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Lord Williams of Mostyn: This is a topic of great seriousness. It may be the most important aspect of our discussions at this stage. The debate has addressed all the issues relating to Clause 19. I do not say that in a chiding way, because the debate has been helpful. I hope the Committee will find it helpfulif not ultimately persuasiveif I address all the issues contained in these amendments .
We need to see what the present state of the law is, what it would be if the amendment was passed, and what is the genesis of these changes. The noble Lord, Lord Glentoran, not being a lawyer, had the benefit of great economy because he simply asked the question why, which is always the cruellest question. I will try and deal with that. The noble and learned Lord, Lord Mayhew, developed the constitutional approach. The noble Lord, Lord Maginnis, then stressed the importance of reflecting on the possible dangers to individuals, whether in the Police Service of Northern Ireland or as he said at the end, law-abiding or non-law-abiding members of the community.
Viscount Brookeborough: I thank the noble and learned Lord for giving way. Section 59 says "agreed" between the Chief Constable and the board. As an individual I am quite happy that if the board and the Chief Constable agree, then the Act does not have to be used to produce the information that may have been asked for. This is quite clear because the board has had instances of the police service not refusing to give information, but being slightly slow about doing so. We have discussed, for the future, how we would force them to do so if they ever refused. The answer is that we would cite the Act and that is when it would be cited. If we ask how many car accidents there have been in the last week, we do not say, "Under Clause 59 of the Police (Northern Ireland) Act 2000 you will do this or we will take you to court". We ask for the information and it is given.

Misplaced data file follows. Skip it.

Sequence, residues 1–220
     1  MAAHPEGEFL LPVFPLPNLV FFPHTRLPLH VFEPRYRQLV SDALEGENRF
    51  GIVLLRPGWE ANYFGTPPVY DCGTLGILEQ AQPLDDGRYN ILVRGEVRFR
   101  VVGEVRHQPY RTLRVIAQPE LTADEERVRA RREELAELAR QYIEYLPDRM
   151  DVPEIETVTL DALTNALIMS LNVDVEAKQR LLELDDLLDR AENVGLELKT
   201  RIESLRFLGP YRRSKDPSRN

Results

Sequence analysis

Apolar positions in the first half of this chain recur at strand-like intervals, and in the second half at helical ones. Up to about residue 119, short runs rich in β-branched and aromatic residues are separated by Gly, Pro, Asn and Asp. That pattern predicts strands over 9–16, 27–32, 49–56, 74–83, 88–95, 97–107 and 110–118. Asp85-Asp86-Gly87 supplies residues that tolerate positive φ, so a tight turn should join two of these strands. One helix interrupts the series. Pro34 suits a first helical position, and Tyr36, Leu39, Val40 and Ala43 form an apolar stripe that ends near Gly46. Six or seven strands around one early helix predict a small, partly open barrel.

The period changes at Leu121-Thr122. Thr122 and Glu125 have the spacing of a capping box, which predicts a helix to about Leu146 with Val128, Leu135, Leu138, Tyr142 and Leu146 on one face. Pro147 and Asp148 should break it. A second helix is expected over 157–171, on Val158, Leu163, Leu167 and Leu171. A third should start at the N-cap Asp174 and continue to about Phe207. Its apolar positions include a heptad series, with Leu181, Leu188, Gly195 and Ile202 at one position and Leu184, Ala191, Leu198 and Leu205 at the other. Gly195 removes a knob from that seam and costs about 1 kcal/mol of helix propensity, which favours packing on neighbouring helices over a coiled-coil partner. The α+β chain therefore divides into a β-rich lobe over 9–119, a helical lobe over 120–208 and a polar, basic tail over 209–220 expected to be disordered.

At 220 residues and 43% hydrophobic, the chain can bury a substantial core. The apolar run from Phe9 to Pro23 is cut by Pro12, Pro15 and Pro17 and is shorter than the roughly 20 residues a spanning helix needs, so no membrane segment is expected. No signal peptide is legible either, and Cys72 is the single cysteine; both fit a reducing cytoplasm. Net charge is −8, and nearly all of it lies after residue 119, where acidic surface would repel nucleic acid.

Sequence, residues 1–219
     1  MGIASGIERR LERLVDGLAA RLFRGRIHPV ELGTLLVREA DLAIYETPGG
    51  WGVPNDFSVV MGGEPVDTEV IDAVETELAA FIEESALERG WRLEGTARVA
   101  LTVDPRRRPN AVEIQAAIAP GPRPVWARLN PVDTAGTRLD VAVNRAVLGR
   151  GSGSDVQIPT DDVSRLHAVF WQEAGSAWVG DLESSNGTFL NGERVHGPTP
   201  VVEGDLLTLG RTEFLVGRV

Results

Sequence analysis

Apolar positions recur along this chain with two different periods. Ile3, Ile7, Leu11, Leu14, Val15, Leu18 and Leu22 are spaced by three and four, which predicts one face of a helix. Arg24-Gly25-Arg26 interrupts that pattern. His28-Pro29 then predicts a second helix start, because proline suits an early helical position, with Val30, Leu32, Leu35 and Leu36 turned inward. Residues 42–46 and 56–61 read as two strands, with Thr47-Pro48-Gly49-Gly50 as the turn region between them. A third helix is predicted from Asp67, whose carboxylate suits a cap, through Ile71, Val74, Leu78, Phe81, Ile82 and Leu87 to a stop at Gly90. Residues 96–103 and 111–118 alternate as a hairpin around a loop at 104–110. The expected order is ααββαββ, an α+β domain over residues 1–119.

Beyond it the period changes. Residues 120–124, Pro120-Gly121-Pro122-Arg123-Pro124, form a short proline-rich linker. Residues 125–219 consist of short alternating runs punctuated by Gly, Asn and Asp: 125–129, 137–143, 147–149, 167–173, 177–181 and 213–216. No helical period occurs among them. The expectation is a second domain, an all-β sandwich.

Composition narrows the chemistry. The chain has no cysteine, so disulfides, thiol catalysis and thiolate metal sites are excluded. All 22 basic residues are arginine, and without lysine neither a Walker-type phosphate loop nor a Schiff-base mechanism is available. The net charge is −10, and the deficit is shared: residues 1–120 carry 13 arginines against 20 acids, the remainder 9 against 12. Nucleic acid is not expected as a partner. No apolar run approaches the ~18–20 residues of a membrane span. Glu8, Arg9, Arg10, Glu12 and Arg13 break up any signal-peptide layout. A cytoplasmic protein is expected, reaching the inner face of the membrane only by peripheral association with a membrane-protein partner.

We are talking about more sensitive information but let us say that the board is, in the Chief Constable's terms, not as reasonable as it is at the moment and asks him for information that he says it should not have. The board can go to the law and say, "You have to give it" and, under the terms of this, there must be agreement. However, there is no agreement and the statute is on the side of the board to interfere with an operational matter within the one-month period, regardless of whether it is deemed that that information would be detrimental in terms of solving a crime or carrying out the law. Therefore, this is important because the Police (Northern Ireland) Act 2000 will only be brought in behind it if there is not an agreement. I accept completely and we really do agree with the Chief Constable over virtually everything, but this is brought out in case we do not. That is the point.